While watching the season finale of Grey’s Anatomy recently, I was reminded of my general distain for ‘ethical’ egoists. These are people who believe it is okay to do what is in the best interests for themselves and their in-group (family, friends, lovers etc.), even if it leads to the otherwise preventable harm of others. As such, it is kind of a very shallow version of ethical egoism; the branch of moral philosophy that says that moral agents should act in their own self-interest. While the actual theory is a lot more detailed than my one sentence summary indicates, I still believe it has problems.
To demonstrate my problem with ‘ethical’ egoists, I’ll explain the scenario that occurred in the episode. Earlier in the season, Meredith had switched a placebo for an active drug in an Alzheimer’s clinical trial she was a part of. This was due to the fact that the patient who was to get the placebo was close to her. In the finale, her deception is revealed and the shit hits the fan. This is because it is a randomised clinical trial; the doctors do not get to assign who gets the active therapy and who gets the placebo. This prevents them from, either intentionally or unintentionally, giving the active treatment to patients they believe are more likely to recover anyway and skewing the results (i.e. making the treatment look better than it really is). So Meredith tampering with who gets the treatment invalidates the whole trial. Now, even after she is informed of this and how now no one will get access to the new drug (due to the trial not being able to go ahead, so it can’t be demonstrated to be effective) she still says she would do it again because it was a person who meant so much to her.
This sort of attitude (which is not at all uncommon) really drives me up the wall; effectively Meredith, and others in similar situations, are giving a big middle finger to everyone else just to help someone they care about. It really shows how self-centred someone is that they can’t step back and realise that while they are trying to help someone they love, so is everyone else. In the case of Meredith, she wanted to help someone she loved, but at the same time prevented hundreds of others from helping their loved ones.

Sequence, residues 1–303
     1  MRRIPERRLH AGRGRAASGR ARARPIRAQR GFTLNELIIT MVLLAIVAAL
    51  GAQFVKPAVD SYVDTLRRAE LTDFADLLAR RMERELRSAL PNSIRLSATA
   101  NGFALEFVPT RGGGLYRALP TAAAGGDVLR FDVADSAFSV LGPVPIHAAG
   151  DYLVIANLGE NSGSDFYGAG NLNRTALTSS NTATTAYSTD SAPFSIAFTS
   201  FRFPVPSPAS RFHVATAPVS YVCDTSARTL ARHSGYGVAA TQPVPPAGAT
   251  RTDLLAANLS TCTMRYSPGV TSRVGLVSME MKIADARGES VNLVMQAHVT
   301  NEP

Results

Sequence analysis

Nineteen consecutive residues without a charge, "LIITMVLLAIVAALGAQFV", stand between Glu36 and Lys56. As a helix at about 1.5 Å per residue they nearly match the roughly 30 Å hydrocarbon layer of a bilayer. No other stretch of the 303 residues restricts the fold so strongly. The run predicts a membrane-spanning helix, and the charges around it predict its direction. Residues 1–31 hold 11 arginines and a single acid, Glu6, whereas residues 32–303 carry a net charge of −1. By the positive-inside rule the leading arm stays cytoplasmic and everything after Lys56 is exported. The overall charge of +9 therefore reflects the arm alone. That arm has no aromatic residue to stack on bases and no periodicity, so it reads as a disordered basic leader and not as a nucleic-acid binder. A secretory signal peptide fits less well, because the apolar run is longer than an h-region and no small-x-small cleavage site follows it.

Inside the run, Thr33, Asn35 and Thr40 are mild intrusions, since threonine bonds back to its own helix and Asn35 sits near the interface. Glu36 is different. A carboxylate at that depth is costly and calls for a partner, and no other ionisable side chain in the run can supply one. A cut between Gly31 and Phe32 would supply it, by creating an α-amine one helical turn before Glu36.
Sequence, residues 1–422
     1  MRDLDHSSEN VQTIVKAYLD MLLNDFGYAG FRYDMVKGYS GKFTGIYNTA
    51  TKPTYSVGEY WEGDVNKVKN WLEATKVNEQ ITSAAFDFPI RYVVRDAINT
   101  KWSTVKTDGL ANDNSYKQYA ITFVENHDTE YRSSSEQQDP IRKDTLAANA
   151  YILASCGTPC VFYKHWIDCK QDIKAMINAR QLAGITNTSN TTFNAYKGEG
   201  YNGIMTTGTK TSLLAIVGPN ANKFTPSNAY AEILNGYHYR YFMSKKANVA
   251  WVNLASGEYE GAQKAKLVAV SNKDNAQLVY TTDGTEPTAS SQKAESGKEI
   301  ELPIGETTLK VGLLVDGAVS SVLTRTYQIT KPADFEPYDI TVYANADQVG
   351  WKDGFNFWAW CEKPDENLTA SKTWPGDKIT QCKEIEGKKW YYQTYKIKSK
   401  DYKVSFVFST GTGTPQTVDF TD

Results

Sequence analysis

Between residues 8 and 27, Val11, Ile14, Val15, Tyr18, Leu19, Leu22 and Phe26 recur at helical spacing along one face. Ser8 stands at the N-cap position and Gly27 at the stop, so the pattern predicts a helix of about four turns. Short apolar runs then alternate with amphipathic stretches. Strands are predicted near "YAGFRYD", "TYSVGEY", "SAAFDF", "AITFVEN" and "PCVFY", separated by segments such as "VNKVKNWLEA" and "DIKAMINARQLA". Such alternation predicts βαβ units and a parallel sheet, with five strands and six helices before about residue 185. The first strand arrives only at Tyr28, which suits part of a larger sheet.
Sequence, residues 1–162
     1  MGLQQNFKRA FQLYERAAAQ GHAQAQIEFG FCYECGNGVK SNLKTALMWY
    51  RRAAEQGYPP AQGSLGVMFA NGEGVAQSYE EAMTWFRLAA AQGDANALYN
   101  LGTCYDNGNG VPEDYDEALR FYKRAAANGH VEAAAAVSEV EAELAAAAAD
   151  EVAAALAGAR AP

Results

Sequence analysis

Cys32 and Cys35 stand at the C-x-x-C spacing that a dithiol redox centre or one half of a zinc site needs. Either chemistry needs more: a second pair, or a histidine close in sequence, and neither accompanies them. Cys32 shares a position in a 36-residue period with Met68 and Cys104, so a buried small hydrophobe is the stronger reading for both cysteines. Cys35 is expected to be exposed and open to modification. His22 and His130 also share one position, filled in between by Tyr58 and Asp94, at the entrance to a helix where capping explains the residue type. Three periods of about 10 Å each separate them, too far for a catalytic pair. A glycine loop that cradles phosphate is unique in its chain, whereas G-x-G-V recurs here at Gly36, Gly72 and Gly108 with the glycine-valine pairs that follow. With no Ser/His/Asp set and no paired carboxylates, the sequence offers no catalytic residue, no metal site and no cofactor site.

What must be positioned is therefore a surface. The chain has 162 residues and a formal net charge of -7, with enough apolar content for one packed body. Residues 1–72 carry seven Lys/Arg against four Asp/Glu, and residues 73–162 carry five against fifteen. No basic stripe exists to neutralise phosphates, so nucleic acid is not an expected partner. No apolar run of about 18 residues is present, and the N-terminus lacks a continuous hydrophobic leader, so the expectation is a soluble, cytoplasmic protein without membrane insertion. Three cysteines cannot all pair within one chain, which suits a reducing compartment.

I also ran into a similar phenomenon during an ethics class in my undergrad course; we were given the following scenario and asked whether we thought the decision in it was moral (paraphrased from memory);
An earthquake occurs in China and buries a man’s family in rumble. In the process of digging them out, he discovers that across the road an important official and his family are buried. The man decides to stop trying to rescue his family and rescue the official and his family instead. He successfully rescues them, but his own family die in the process. When asked why he made the choice that he did, he said that by rescuing the official, he could go on to coordinate the rescue effort (by virtue of having extensive knowledge of the local area) and end up saving more people.
Now, as a utilitarian, I said that the action was moral because it could effectively save more lives (increasing the overall well-being). Now while the majority did say they while they would have saved their family had they been in the situation but respected the man for thinking of others (a position I don’t find unacceptable), a small minority believed that he had acted immorally and should have saved his family (invoking duty to family primarily). After some discussion back and forth, I presented them with a new hypothetical to try to demonstrate the point I was trying to make;
A serial killer has you locked in a chair. In front of you is your family in a cage, ten families you do not know in another. You are given the choice of who dies; either your family or the ten families. Which would you choose?
I thought that this scenario was entirely black and white; that only a monster would say that it was moral to choose their family. However, I was wrong. Not only did these individuals say they would choose their families, they were defending it as the moral choice. I mean, I could understand someone saying that they aren’t strong enough to do the right thing, but to actually believe that ten other families dying so yours can survive is moral is downright insane. Could these people not understand that each of those families had people who loved them just as much as they loved their families? What makes them think that their love for their family trumps everyone else’s?
A bit more of a rant than usual, but there it is.